Thursday, January 19, 2017

Frankenstein (1931) - Universal Frankenstein series #1

Though not as organized and comprehensive as my Hammer Frankenstein post, this will be the first part in my small series of reviews covering the Universal horror movies. The small-scale plans are just to cover the shared universe (the Frankenstein, Wolf Man, and Dracula crossovers), but eventually I hope to tackled The Mummy movies, and some other treats of the era. So let's get started talking a little about the first Frankenstein from 1931, which is quite possibly the most important and influential horror movie in pop culture history.


Let's get the main points out of the way: I love Frankenstein. Boris Karloff is one of my favorite actors (though I never seem to remember to give him the credit that he deserves, because I'm an idiot), and this is the movie/performance that put him on the map. James Whale only ever directed 4 horror movies, which are all among the most important in the genre. In my eyes he's one of the top 2 or 3 greatest horror directors who ever lived. This is an incredible movie that has been covered thousands upon thousands of times, and if you don't know that you need to watch it by now, you're probably never going to realize this. So I'm just going to talk about how this movie shaped a pop culture icon, and leave some of the other bits to everyone else. The point is this: watch it.

It should go without saying that this stands as one of the greatest icons in the history of pop culture, but to those of you who are denial of this fact, just remember that pretty much everything you know about Frankenstein (assuming you haven't read the novel) is actually from this movie.

Firstly, the appearance of the Monster himself: in spite of being shot in black and white, his iconic green skin comes from the behind the scenes fact that horror makeup icon Jack Pierce used green grease paint in his design, as he felt it would give him a paler corpse-like appearance on-screen. Yes, this was the origin of the green skin we know the Monster for to this day. The flat-head was also an original design of Pierce's, with the Monster himself originally just being described as very tall (roughly 8 feet, specifically) and hideous in the book. It could be assumed he had stitches and was very disproportionate. Also, the bolts in his neck. In the novel, they never fully address the method in which the Monster was brought to life in the first place, with this adaptation establishing the use of thunderstorms and electrical gadgets attached to the metallic bolts on his neck. And these are just three examples of how this movie shaped the physical appearance of the Monster. Now we can talk about a few other things that this movie influenced and inspired.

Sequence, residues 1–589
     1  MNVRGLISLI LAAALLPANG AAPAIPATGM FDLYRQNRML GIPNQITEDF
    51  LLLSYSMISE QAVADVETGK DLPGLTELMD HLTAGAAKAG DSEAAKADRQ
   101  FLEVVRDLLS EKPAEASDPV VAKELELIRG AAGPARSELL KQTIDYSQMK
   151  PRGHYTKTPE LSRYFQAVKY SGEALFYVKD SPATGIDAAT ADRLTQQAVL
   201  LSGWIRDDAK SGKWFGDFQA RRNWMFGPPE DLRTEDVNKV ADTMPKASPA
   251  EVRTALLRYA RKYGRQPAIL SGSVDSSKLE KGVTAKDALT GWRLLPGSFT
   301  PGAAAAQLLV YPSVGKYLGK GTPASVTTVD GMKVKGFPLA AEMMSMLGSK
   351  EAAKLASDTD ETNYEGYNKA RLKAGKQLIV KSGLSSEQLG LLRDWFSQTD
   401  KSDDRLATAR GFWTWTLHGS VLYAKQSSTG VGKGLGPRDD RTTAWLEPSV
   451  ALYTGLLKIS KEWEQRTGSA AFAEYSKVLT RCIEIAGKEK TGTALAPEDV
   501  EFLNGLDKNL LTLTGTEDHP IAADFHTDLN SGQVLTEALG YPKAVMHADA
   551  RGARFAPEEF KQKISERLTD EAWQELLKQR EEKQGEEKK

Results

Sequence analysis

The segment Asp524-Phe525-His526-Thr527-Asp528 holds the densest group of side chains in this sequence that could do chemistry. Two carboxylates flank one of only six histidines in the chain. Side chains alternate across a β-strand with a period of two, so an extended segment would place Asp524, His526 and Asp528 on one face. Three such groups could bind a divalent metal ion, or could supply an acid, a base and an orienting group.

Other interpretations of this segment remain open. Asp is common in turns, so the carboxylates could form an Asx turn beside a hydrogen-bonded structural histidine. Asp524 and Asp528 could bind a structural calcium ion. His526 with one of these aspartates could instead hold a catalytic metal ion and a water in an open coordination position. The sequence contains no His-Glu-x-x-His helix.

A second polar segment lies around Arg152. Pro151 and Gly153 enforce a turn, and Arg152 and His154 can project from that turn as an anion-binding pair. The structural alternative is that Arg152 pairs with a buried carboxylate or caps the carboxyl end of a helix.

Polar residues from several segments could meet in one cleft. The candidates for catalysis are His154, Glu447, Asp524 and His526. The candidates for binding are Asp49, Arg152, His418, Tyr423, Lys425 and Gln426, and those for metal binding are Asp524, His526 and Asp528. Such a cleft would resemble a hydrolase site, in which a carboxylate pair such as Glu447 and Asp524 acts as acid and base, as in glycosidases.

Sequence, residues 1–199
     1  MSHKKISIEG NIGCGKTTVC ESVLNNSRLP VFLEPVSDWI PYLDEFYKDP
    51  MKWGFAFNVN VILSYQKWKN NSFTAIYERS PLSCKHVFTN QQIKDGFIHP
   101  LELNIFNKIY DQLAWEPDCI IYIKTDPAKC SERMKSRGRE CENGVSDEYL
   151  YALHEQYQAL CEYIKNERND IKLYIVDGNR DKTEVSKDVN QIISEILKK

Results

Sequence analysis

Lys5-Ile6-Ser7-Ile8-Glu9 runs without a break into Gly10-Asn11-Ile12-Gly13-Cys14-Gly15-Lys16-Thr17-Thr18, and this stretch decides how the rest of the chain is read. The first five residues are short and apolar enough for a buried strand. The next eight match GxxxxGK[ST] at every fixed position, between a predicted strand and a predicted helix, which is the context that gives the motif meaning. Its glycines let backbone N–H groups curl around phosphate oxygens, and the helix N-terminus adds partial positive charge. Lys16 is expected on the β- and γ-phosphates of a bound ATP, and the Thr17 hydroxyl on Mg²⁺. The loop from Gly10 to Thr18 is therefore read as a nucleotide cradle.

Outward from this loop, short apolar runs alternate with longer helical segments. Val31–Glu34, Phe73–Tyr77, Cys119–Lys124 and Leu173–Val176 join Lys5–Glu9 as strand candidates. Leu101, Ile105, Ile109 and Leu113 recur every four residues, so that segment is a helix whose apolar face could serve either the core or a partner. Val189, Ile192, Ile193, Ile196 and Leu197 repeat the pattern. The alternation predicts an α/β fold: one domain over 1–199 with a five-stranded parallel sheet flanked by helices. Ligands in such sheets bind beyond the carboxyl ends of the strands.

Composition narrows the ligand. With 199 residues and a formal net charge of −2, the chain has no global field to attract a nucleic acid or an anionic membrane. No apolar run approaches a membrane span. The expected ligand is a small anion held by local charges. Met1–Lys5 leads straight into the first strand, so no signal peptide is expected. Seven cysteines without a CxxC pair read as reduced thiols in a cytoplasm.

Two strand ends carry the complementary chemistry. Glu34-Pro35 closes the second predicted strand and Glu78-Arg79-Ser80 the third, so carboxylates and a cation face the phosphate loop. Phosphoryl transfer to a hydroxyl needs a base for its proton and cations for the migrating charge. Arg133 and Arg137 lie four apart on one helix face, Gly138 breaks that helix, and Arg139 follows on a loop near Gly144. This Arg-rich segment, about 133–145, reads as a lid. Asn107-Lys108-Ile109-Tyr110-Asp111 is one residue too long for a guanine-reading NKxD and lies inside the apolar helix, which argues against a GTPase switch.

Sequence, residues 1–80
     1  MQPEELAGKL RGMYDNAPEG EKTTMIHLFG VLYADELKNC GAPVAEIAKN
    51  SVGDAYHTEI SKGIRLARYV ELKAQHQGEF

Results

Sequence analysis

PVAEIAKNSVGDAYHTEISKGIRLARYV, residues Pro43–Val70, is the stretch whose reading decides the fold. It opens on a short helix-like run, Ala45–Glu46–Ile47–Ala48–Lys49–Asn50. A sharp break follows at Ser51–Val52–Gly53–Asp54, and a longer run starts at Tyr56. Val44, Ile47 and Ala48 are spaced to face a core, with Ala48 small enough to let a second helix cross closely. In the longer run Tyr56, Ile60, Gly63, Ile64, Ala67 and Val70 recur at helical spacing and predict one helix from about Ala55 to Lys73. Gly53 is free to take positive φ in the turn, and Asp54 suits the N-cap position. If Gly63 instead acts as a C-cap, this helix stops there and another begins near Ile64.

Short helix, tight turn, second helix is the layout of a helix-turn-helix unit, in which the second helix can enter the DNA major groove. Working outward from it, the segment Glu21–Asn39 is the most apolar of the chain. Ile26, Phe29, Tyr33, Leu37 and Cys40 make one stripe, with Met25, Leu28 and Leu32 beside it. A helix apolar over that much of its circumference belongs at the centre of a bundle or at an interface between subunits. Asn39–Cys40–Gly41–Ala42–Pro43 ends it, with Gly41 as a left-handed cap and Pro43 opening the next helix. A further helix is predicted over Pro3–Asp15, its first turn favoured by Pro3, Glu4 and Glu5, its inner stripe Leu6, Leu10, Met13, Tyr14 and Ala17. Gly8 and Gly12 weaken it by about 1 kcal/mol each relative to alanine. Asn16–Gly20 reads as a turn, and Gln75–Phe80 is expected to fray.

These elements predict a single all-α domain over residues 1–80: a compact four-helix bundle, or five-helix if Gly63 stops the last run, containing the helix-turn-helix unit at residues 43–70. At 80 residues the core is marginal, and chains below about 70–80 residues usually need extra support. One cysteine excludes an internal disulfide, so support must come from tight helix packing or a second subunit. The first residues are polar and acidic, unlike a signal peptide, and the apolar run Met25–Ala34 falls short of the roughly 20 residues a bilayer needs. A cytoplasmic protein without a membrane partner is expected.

The lumbering arm-extended "Frankenstein walk" did not originate here, with us first seeing this used in the early '40s when Bela Lugosi took over the role in Frankenstein Meets The Wolf Man -- a hugely influential movie in its own right. But that will come later. Most people know the Monster as being silent, with an awkward stumble and a heavy-footed walk, growling instead of speech. And yes, these things did indeed originate here. I also already mentioned the electrical gadgets and use of a thunderstorm to bring the Monster to life, but there's another aspect to this scary castle setting that I feel needs mentioned here: the hunchback assistant. The book doesn't give Dr. Frankenstein an assistant, and this movie does. While the name of this hunchback assistant is generally Igor in most of pop culture, his name here is Fritz. This is the only difference, as Igor would later be introduced in the series, but that will be talked about later.

As for the movie itself, this is one of the earliest talkie horror movies and mastered the use of sound, setting the bar for films to come. Watch this back-to-back with Dracula and the sound design differences are staggering. Dracula would have functioned nearly as well as a silent film (which could be expected, considering that's how all films had been made for 30 years up until the late '20s, right before it was made), with many scenes lingering in pure silence without use of music or peripheral noise. This works fine for it, as it's a quieter story in general but it does come across as relatively incomplete and a relic of a bygone era. Frankenstein, however, is filled with the whistling of wind through a spooky castle, the crackling of thunder, the snaps and whirring of gadgets, and only abstains from utilizing this sound when the story calls for it. It's a complete and appropriate design, that would only come to be matched by King Kong in 1933, which redefined the use of music in film of any genre. But that's a completely different discussion.

As a whole, it's important for younger audiences to watch movies like this. Though they don't hold up as particularly scary, appreciating and understanding the influence of films like this will be lost if people don't preserve them as the gems that they are. Sadly, this isn't the kind of movie that will be seen much playing on AMC, so don't rely on television to bring this one out for you. I highly recommend buying it and keeping it in your yearly Halloween horror rotation. Believe me when I say that it holds up. I've seen it at least a dozen times over the past 20 years and it's only gotten better in my mind.

Check back in later for my analysis of Bride Of Frankenstein, and its incredible visual effects provided by John Fulton. I almost want to talk about it right now, but I have to save it for later. Thanks for reading.
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